Could Garstang benefit from lower business rates boost?

Coun Peter Gibson, leader of Wyre Borough Council

Coun Peter Gibson, leader of Wyre Borough Council

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Wyre could be set to flourish with lower business rates and council tax – according to council leader Peter Gibson.

It comes after Chancellor George Osborne unveiled plans to allow councils to keep the proceeds from business rates raised in their area.

If the money is spent progressively and services improve then this would be a great thing for local businesses although I think people are sceptical about where it will be spent

Richard Whyman, trader

Coun Gibson said: “Currently we raise £26m in business rates, hand it to the government, then receive £6m back in grants. On the surface this could be very good news for Wyre which would see the council being able to cut council tax and business rates, but the devil is in the detail.”

Mr Osborne said councils would hold on to £26bn, calling it the “biggest transfer of power” in recent history. He also said the change, due to be in place by 2020, would mean cities and communities had to go to the government “with a begging bowl”.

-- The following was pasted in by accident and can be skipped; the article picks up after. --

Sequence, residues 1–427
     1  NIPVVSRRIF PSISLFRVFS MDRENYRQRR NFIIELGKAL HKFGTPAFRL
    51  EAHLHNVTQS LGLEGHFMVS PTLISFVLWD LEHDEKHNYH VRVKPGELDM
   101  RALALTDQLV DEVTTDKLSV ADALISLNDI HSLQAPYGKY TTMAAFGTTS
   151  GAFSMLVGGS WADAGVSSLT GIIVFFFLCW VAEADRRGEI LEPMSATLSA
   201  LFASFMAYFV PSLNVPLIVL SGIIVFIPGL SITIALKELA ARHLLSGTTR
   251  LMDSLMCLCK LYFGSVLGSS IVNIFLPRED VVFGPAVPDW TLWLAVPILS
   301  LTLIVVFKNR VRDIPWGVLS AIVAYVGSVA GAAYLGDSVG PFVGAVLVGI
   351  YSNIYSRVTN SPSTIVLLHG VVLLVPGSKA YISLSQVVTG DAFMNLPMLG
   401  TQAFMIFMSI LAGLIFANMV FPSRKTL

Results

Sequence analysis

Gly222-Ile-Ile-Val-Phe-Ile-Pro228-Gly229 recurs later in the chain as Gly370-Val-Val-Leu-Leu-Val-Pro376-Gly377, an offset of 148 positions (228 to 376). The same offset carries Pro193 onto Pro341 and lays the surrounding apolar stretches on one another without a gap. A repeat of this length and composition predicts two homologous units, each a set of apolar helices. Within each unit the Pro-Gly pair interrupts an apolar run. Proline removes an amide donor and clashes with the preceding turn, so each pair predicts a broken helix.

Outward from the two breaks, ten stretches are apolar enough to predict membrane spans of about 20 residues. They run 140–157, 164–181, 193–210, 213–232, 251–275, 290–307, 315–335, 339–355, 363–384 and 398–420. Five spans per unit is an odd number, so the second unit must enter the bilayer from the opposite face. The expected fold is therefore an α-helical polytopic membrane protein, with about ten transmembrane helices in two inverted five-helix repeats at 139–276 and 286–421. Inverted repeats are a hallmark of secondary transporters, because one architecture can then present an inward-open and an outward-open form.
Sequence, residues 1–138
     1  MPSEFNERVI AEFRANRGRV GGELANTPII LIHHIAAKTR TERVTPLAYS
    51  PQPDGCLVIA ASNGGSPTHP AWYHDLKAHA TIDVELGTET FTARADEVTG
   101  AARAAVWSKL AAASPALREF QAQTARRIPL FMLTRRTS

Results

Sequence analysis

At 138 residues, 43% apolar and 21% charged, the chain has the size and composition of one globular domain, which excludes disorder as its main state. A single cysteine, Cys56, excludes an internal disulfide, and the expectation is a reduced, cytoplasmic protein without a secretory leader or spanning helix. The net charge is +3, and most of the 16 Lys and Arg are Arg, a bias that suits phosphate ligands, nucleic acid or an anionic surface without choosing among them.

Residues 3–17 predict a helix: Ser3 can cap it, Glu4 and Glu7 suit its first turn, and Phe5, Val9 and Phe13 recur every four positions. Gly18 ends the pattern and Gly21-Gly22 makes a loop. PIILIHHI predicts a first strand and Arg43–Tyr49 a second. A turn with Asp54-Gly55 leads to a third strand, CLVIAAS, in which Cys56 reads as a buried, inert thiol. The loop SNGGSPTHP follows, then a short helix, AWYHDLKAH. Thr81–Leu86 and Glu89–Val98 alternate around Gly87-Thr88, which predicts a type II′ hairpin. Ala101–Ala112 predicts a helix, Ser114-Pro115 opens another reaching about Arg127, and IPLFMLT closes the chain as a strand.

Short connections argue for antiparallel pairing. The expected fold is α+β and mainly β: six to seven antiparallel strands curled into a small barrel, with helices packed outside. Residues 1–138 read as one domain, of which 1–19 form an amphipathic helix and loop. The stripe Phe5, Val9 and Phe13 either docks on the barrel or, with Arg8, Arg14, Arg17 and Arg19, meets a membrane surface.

Councils currently keep up to 50 per cent of the rates – the rest goes to Westminster.

And Coun Gibson says he thinks it’s a great idea.

“We as a council have always encouraged local business growth, so this looks like it could be a really good thing,” he said.

“This would incentivise businesses, especially local ones. The only thing I’m wondering about is what exactly are the details? There has to be some benefits for us if it is to work, so we’ll see how they share the money out.

“If we were to get back everything we collect then I’m sure that’s something everyone would welcome.”

Shops, offices, factories and businesses currently pay a uniform business rate set by central government.

Councils collect the tax and send the funds to the treasury, which then redistributes them so that areas with fewer businesses do not lose out.

Richard Whyman, of Market Place News in Garstang, said: “Every business would welcome cuts in their overheads. It’s when services start to suffer that it becomes a problem. If the money is spent progressively and services improve then this would be a great thing for local businesses although I think people are sceptical about where it will be spent. This also means Wyre would need to see a huge improvement in the its commitment to rural issues.”